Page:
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ca. 1580-1608?
The scholar and writer Gabriel Harvey was known and mocked in his lifetime for making copious notes in the margins of printed books. An inventor of words, friend of Edmund Spenser, and rival of Thomas Nashe, he constantly sought to improve himself through note-taking and repetitive reading.
1590
SHAKESPEARE DOCUMENTED IS STILL GROWING! Descriptive content and transcriptions will continue to be added, updated and expanded. Check back for regular updates!
ca. 1590
SHAKESPEARE DOCUMENTED IS STILL GROWING! Descriptive content and transcriptions will continue to be added, updated and expanded. Check back for regular updates!
1592
SHAKESPEARE DOCUMENTED IS STILL GROWING! Descriptive content and transcriptions will continue to be added, updated and expanded. Check back for regular updates!
ca. 1592
SHAKESPEARE DOCUMENTED IS STILL GROWING! Descriptive content and transcriptions will continue to be added, updated and expanded. Check back for regular updates!
September 25, 1592
SHAKESPEARE DOCUMENTED IS STILL GROWING! Descriptive content and transcriptions will continue to be added, updated and expanded. Check back for regular updates!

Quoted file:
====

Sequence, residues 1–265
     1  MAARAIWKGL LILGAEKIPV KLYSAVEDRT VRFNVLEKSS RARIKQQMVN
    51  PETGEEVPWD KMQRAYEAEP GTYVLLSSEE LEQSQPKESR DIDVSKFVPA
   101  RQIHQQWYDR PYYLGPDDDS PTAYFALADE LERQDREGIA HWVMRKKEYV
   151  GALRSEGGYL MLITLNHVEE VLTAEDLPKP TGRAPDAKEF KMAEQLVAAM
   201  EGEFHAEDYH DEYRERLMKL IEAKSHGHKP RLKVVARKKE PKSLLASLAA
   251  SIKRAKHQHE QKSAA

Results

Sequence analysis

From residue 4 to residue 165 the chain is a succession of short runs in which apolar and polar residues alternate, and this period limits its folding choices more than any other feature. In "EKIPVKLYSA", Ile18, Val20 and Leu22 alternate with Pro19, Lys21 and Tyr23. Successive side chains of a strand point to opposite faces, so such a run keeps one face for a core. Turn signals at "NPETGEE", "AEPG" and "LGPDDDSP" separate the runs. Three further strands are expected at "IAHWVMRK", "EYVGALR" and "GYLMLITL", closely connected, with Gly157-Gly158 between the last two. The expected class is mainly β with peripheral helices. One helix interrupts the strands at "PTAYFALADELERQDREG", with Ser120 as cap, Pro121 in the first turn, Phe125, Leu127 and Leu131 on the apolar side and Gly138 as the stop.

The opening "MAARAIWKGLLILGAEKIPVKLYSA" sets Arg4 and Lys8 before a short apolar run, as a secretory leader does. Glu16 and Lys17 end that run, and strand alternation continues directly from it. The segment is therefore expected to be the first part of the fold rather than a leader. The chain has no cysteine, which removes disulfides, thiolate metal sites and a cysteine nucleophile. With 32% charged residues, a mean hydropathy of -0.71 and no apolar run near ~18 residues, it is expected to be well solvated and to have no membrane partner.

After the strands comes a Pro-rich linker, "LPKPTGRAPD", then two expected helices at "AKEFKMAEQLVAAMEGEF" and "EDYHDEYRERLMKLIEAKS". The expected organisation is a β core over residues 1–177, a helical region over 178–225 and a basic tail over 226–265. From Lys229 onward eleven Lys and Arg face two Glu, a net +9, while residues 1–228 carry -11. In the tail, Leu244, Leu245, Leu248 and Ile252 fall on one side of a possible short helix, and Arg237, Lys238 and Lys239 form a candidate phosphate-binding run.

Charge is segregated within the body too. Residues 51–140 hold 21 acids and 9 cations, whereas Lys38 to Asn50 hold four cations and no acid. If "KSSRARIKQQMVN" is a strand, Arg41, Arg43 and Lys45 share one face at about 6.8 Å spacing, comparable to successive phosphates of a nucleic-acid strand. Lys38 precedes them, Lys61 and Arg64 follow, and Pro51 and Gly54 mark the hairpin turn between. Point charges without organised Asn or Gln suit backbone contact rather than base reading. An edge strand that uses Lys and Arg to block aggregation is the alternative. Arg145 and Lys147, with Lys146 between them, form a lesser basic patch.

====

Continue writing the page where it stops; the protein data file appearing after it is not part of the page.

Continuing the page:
April 3, 1592
"The Tragedy of Arden of Faversham and Black Will" was entered by Edward White in Stationers' Liber B on April 3, 1592 and licensed for publication by John Aylmer, Bishop of London.
1592
The earliest known allusion to Shakespeare as a playwright appears in Greenes, groats-worth of witte.
1592
Arden of Faversham was first published anonymously by Edward White in 1592, and has been associated with the Shakespeare canon since the late eighteenth century.
April 18, 1593
Venus and Adonis was William Shakespeare’s first work to be entered into a Stationers’ Company register. This epic poem was entered on April 18, 1593 into the Stationers' Liber B by Richard Field (entered as "ffeild"), a printer from Stratford-upon-Avon.

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